A reader commenting on my post about pair poses this question about the nouns scissors and pants:
Isn’t each blade one scissor, and each leg part one pant?
Short answer: No.
Just because a noun ends in s does not mean there’s a matching “singular” without an s. For example, we never speak of: one athletic, one binocular, one new, one billiard, or one diabete.
Scissors has been in the language since Chaucer’s time with the meaning “a cutting instrument consisting of a pair of handled blades, so pivoted that the instrument can be opened to a shape resembling that of the letter X, and the handles then brought together again so as to cause the edges of the blades to close on the object to be cut.
The noun scissors takes a plural verb: “These scissors need to be sharpened.” Qualified by a numeral or an indefinite article, the construction “a pair of scissors” is used. The OED does show “a scissors,” but notes that it is rare. Merriam-Webster acknowledges “a scissors” with a quotation from Croswell Bowen: “took a scissors, cut the bedspread, a table scarf, and a plant.”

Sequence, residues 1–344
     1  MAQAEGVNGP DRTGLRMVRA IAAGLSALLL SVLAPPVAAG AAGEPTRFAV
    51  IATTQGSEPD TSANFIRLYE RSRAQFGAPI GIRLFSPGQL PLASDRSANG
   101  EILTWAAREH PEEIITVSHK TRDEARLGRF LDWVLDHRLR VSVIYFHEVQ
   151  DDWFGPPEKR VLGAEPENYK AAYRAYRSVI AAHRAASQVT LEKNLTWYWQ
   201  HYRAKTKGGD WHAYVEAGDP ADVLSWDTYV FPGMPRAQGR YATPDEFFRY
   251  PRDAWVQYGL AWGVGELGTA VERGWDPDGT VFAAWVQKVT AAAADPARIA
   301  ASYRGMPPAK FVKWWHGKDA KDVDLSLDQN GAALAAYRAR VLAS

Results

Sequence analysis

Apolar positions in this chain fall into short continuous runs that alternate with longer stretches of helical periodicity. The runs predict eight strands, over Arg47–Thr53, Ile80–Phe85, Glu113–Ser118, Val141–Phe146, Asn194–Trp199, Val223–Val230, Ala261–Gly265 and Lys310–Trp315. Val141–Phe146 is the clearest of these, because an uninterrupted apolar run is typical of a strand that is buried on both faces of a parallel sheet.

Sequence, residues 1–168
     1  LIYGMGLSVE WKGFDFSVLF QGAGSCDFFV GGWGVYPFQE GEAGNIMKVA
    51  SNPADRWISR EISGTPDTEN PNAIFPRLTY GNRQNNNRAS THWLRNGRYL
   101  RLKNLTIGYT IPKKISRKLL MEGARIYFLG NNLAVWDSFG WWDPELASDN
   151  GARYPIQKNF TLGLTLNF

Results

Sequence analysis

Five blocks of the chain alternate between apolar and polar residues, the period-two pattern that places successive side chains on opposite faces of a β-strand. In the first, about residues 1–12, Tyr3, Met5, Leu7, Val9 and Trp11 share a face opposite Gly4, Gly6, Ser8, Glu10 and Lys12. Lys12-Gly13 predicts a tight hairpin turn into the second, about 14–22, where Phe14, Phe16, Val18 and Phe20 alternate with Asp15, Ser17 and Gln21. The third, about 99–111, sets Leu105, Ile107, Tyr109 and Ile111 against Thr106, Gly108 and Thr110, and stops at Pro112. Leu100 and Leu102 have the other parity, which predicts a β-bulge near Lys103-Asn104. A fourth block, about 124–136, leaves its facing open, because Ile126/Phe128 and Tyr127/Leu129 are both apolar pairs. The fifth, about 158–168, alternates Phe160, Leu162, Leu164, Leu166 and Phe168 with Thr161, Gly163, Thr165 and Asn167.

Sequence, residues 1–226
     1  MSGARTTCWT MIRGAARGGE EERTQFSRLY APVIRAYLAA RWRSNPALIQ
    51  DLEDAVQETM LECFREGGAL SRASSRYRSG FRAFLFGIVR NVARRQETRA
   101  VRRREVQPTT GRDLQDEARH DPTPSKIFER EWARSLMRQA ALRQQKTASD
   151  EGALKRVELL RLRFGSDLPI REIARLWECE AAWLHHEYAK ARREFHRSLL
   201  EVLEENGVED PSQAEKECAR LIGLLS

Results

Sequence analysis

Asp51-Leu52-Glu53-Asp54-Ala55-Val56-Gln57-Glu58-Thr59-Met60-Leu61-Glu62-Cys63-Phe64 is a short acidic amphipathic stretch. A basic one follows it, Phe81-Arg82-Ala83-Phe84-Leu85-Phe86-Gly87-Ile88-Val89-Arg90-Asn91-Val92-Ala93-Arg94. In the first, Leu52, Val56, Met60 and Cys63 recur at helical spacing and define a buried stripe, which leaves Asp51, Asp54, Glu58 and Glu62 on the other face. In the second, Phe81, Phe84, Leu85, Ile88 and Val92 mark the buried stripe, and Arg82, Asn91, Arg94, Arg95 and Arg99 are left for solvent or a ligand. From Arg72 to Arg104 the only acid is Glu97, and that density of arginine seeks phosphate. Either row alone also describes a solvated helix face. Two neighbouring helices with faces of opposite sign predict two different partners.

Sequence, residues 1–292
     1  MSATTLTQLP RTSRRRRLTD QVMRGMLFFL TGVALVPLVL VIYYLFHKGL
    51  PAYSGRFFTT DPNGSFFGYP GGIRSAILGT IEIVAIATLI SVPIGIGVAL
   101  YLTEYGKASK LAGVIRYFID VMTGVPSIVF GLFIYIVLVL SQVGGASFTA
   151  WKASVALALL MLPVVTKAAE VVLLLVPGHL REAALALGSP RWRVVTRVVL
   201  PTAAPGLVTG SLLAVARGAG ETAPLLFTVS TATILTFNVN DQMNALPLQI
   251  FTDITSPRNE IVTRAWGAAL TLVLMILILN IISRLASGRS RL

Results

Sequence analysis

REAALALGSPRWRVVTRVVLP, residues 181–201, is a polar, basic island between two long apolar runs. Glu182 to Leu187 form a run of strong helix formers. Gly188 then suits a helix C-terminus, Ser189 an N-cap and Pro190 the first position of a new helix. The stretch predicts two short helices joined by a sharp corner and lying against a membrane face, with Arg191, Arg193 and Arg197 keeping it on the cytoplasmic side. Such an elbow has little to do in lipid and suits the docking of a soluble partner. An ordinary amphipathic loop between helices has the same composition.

In my part of the U.S., one might hear any of the following:
Hand me the scissors, please.
Do you have a scissors I can use?
They gave her scissors for her birthday.
One of the blades would be called not “a scissor,” but “a scissors blade.”
For a discussion of pant vs pants, check out One Pant, Two Pants.
Some nouns that end in s are singular in meaning and take singular verbs:
Measles is still a dangerous disease.
Some say that athletics is overemphasized in American education.
Politics is the art of looking for trouble.
Mathematics is a basic school subject.
This news is not fit to print.
Billards is my favorite pastime.
Acoustics is his specialty.
Shingles is caused by the same virus as chicken pox.
Some nouns that end in s are singular in meaning and take plural verbs:
The kitten’s antics are amusing.
His earnings have remained static for five years.
These binoculars are expensive.